Axonal damage is a hallmark of diffuse brain injuries, and is considered by many as a nearly universal consequence of traumatic brain injury. Recent evidence shows that unmyelinated axons are particularly vulnerable to damage in DAI. In this project, we study the mciromechanical aspects of axonal injury to unmyelinated axons. Our long term objective to study when sodium channel proteolysis occurs in axons after mild TBI, determine the mechanism(s) that regulate this channel proteolysis, and to evaluate the effectivenes of different biomarkers to evaluate this form of axonal damage.
Our specific aims are to:
Aim 1 : To measure the strain rate sensitive threshold for sodium channel mechanoactivation following axonal stretch injury in vitro, determining the pathway(s) that contribute to both immediate and sustained stretch-induced increases in axoplasmic calcium, Aim 2: To determine the thresholds and timecourse of sodium channel proteolysis after axonal stretch, assess if this proteolysis is mediated by calpain activation and linked to a specific stretch-induced calcium pathway, and evaluate if the proteolysis can be reduced using delayed treatments.
Aim 3 : To determine the threshold and time course of a delayed increase in membrane permeability after axonal stretch injury, examine if this permeability changes is responsive to delayed treatments, and to test if this permeability change leads to a detectable release of 'biomarkers'for detecting axonal injury in vitro. Our overall hypotheses are that (a) sodium channel mechanoactivation occurs during mild stretch injury to unmyelinated axons, (b) sodium channel proteolysis is calpain mediated, (c) the primary pathway(s) for sustained calcium elevation in axons after stretch is a critical target in controlling sodium channel proteolysis after axonal injury. Relevance: One common type of injury in head injured patients is the swelling and disconnection of axons throughout many brain regions. We will study how this injury occurs, evaluate if we can treat this injury, and will assess if there specific biomarkers that can serve as prognostic indicators of axonal degeneration.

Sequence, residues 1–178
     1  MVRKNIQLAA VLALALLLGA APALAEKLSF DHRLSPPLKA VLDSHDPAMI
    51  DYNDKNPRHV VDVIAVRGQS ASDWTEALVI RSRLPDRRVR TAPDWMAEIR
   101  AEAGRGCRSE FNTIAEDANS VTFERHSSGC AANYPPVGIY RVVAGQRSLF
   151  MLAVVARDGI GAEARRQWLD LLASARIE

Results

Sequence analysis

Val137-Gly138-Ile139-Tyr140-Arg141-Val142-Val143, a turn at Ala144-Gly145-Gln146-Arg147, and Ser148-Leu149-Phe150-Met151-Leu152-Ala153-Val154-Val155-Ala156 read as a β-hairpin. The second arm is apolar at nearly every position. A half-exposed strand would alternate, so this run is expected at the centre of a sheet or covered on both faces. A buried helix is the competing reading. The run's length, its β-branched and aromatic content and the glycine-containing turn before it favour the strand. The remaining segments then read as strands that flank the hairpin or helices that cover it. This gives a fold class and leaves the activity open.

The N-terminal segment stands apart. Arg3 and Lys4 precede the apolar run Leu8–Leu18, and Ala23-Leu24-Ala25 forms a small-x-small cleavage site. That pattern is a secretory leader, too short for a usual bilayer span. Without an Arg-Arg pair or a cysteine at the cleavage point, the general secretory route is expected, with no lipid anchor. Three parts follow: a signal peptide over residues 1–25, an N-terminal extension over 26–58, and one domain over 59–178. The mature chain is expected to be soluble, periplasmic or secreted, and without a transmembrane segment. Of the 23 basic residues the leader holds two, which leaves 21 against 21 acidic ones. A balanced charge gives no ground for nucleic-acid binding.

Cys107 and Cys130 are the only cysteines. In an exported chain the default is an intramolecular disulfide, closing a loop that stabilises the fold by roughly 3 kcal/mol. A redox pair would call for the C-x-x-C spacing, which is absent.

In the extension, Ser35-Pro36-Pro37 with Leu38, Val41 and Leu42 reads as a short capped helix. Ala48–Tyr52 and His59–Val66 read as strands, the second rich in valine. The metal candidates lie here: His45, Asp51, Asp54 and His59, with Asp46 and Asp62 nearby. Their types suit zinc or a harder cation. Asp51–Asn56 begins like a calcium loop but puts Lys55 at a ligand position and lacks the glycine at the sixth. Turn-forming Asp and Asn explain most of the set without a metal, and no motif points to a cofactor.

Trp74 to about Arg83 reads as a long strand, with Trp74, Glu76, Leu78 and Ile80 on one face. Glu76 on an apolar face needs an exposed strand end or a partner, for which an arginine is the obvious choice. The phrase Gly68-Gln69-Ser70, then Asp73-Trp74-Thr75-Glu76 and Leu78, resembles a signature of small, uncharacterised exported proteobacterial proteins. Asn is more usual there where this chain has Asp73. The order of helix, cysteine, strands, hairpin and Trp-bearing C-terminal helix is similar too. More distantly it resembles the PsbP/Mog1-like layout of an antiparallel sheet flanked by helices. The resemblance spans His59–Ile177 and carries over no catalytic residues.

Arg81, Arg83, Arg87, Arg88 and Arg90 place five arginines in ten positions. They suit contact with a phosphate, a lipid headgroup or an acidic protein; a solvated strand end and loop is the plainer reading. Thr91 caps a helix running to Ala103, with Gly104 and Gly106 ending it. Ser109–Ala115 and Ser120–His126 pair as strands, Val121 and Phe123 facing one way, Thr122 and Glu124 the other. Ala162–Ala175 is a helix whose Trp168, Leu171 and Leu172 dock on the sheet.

Agency
National Institute of Health (NIH)
Institute
National Institute of Neurological Disorders and Stroke (NINDS)
Type
Research Program Projects (P01)
Project #
5P01NS056202-05
Application #
8377472
Study Section
National Institute of Neurological Disorders and Stroke Initial Review Group (NSD)
Project Start
Project End
2014-07-31
Budget Start
2012-08-01
Budget End
2013-07-31
Support Year
5
Fiscal Year
2012
Total Cost
$211,679
Indirect Cost
$47,634
Name
University of Pennsylvania
Department
Type
DUNS #
042250712
City
Philadelphia
State
PA
Country
United States
Zip Code
19104
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Siman, Robert; Shahim, Pashtun; Tegner, Yelverton et al. (2015) Serum SNTF Increases in Concussed Professional Ice Hockey Players and Relates to the Severity of Postconcussion Symptoms. J Neurotrauma 32:1294-300

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